As you may have noticed, I have a tendency to get sidetracked. So many times I've promised myself to write more regularly, and every time something else has come up. Or maybe I naturally eschew anything that involves the slightest bit of routine and discipline.
I'm pretty excited with many things going on in my life at the moment. One day after coming back from California last November, I started a new job in Mississauga, just west of Toronto. While it's not food-related, my job involves marketing, which I also find fascinating because it deals with shaping customer experiences and perceptions. So far it's been going well, and I'm enjoying it very much.
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She said to me something about it being her first time doing this and I agreed I will be gentle.
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I'm also looking forward to moving away from downtown Toronto in a few weeks. I'll only be moving 10 minutes west of my current abode, but after living in Toronto's theatre district for the past four years, I'm more than ready to trade the neighbourhood's crowds and glitz for the tranquility and scenic views of the city's waterfront. Of course, I'm also excited that I'll have a nicer kitchen and more room for (food) storage.
With everything that's been going on, I haven't managed to cook as much as I would have liked. For the most part, I've been surviving by cooking one dish on the weekend, and eating it every night for dinner. This isn't really all that bad, especially when the dish is tasty. With my one-dish strategy in mind, I've been making a lot of braises. From David Chang's Braised Short Ribs to Daniel Boulud's Asian-Style Duck à l'Orange... dishes like these can easily keep for an entire week and actually taste better as their flavours develop in the fridge.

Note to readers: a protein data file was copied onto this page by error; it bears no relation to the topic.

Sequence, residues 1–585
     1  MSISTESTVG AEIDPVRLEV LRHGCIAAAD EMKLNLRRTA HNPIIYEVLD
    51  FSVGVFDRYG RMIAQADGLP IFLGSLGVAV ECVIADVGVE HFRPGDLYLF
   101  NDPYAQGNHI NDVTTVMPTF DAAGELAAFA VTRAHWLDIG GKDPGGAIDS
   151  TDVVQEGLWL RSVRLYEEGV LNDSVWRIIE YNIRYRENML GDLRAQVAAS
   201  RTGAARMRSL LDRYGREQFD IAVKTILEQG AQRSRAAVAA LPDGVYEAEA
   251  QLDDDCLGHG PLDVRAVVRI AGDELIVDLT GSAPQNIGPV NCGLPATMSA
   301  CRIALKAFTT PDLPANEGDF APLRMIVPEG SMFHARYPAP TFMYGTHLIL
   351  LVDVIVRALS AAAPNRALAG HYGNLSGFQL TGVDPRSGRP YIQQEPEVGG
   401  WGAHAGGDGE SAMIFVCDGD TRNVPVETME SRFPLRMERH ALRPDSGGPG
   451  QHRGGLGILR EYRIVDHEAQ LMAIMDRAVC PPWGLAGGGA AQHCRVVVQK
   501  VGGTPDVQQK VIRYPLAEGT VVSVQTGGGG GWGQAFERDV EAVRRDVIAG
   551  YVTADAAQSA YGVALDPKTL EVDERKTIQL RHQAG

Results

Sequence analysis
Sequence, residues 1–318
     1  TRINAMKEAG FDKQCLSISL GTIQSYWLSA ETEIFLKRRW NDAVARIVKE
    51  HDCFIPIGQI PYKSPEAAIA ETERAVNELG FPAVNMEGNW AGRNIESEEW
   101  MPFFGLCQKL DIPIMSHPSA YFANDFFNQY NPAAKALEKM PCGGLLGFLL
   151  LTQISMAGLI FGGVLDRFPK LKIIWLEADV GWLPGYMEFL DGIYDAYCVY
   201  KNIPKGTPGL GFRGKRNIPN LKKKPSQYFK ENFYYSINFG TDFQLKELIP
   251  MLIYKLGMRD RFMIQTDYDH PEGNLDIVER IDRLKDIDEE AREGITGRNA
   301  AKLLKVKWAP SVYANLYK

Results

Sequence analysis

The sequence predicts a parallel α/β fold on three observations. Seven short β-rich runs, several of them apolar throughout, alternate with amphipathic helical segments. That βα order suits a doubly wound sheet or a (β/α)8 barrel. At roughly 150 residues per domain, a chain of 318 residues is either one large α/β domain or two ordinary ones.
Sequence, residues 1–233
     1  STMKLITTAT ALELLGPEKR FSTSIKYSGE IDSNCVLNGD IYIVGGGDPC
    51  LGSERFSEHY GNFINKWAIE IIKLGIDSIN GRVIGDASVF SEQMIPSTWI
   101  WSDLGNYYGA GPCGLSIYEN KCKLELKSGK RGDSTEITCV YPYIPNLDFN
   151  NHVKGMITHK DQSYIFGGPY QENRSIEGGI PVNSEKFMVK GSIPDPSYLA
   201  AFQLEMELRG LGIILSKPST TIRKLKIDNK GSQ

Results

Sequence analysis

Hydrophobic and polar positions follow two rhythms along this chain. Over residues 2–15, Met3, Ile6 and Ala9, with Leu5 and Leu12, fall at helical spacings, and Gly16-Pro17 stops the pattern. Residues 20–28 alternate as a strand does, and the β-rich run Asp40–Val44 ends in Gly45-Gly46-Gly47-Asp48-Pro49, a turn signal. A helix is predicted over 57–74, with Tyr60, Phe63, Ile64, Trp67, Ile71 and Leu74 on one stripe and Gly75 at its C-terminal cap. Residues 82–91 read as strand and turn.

So while I haven't been doing a lot of cooking, I've still been thinking about food a lot. Over the past year, I've been trying to learn more about what makes food taste great. I've been trying to improve my sense of taste by tasting and learning how to describe wines and chocolates. And for the sole purpose of educating my palate (so that I know what good food tastes like) I took the arduous task of dining at some wonderful restaurants whenever I travelled. From New York's Jean-Georges and Momofuku to Vancouver's West, and Vij's, I've learned a great deal about how wonderful food can be. And at some point in the future, I'd love to be able to cook food that's just as delicious.
The area I'm most interested in at the moment is... flavour. I guess that seems pretty obvious, but I think it's often overlooked in favour of texture. Tender, juicy ribs; rich and creamy ice cream; melt-in-your-mouth chocolates. While texture is certainly integral to the deliciousness of any dish, for me at least, flavour is more important. And by flavour, I don't mean the flavour of the sauce or topping, but the actual flavour of the main ingredient (the meat, bread, vegetables etc.).
There are, as I'm sure you're aware, many ways to coax flavour out of ingredients. Whether it's adding salt, lemon juice, or using techniques like sous vide to prevent flavour from escaping, I'm interested in anything I can do to make ingredients shine. Starting with the best ingredients I can find and afford, I'd like to be able to cook the shrimpiest tasting shrimp, and make an orange sorbet that has a flavour of a thousand ripe oranges bursting in my mouth.